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Honors finally come to a fallen NYPD cop, 43 years after his death in the line of duty

New York Police Officer Phillip Cardillo, seen here

New York Police Officer Phillip Cardillo, seen here in an undated photo, was shot at a Harlem mosque on April 14, 1972. Photo Credit: TODD CARDILLO

It took more than four decades, but slain NYPD Officer Phillip Cardillo finally got his due Tuesday.

In a tearful tribute tinged with a sense of business unfinished, Police Commissioner William Bratton said the NYPD was making up for what it failed to give Cardillo after he was shot to death on April 14, 1972 -- an honorable send-off.

"Today we pay homage to patrolman Phillip Cardillo, who gave his all and kept his promise while we did not keep ours," Bratton said at the NYPD's Harbor Unit, where a new patrol boat was dedicated to Cardillo.

Unlike today, when politicians and police brass routinely attend cop funerals, Cardillo's death was ignored. Neither then-Mayor John Lindsay nor Patrick Murphy, the police commissioner at the time, attended his funeral, a fact that still irks Bratton.

"It's nothing short of shameful," Bratton told Cardillo's family, NYPD officials and current and retired police officers. He recounted the events leading up to Cardillo's death by reading aloud dispatches from the officer's last call. Bratton also told those gathered that if approved, a street sign may soon be emblazoned with the officer's name in front of the new NYPD Police Academy in College Point.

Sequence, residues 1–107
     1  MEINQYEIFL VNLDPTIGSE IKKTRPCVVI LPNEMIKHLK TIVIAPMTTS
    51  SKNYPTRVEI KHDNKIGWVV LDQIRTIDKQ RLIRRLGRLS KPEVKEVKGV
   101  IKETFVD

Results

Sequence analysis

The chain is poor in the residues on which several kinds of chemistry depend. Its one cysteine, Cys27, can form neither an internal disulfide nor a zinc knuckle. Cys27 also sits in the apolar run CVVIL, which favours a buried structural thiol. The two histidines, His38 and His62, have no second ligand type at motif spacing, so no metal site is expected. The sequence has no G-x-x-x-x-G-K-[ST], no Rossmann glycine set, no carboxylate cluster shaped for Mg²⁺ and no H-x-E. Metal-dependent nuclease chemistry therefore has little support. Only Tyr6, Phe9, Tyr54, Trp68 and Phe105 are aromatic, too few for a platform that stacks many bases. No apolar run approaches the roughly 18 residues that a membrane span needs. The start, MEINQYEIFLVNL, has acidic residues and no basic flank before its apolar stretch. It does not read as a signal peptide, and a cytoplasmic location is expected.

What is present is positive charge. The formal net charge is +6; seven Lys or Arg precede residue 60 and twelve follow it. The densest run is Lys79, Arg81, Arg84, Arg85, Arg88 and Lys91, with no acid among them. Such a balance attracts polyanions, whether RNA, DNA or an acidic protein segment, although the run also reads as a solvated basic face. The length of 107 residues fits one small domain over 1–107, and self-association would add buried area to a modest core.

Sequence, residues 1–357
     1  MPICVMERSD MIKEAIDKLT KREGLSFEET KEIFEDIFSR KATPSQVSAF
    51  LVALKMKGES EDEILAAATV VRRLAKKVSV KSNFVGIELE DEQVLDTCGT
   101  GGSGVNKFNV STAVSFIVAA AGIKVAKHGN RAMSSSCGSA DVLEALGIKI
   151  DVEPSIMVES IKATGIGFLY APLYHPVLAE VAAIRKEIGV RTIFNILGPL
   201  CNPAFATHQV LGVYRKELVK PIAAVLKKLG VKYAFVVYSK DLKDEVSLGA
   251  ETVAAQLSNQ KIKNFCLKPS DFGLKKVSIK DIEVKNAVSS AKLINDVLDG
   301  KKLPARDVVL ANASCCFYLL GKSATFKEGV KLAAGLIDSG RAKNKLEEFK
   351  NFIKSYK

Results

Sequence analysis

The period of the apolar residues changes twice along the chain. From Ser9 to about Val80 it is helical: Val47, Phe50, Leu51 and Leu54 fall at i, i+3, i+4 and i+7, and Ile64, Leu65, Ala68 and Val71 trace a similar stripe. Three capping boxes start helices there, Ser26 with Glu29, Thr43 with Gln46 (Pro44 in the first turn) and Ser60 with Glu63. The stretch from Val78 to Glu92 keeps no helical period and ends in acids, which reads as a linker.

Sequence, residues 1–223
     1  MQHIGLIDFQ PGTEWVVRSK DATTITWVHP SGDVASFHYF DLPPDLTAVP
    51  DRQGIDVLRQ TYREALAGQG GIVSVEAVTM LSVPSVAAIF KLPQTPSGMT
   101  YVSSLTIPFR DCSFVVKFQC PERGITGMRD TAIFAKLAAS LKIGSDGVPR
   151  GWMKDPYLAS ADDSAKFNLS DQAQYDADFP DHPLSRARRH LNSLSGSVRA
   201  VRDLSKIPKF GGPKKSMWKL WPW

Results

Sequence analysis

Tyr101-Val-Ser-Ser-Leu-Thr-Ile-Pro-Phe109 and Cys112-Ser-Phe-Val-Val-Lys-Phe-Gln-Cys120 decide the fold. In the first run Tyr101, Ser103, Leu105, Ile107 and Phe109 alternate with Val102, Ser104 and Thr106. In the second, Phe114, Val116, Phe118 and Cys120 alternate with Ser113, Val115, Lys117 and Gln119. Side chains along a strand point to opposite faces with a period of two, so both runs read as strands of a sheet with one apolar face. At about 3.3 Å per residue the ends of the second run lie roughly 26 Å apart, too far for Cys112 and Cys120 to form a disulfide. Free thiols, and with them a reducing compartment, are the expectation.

"Thousands of police will walk that street before going into the academy," Bratton said. "It's unfortunate that it's taken 43 years."

Cardillo and his partner, Vito Navarra, were responding to a call of an officer in need of assistance inside Nation of Islam mosque No. 7 on 116th Street.

When they entered the building, the officers were attacked and Cardillo was shot. He died from his injuries six days later.

Retired NYPD Officer Rudy Andre who came upon the gravely wounded Cardillo, said the lasting image of the bleeding patrolman is seared in his mind.

"We couldn't get in the mosque," Andre said, recalling efforts by officers. "I saw from the window people from the mosque beating police officers. It was vicious."

Police said officers eventually opened the dead-bolted door but Cardillo lay gravely wounded

Andre then chased a man suspected in the shooting, who was taken into custody and charged with Cardillo's killing. The man, Louis 17X Dupree, was later acquitted.

Bratton said that as a tribute to Cardillo, future officers killed in the line of duty will never have their sacrifice ignored.

"I make a promise to officers on behalf of the Department," Bratton said during the ceremony, "that if they should be injured or die in the line of duty, that we will not forget."

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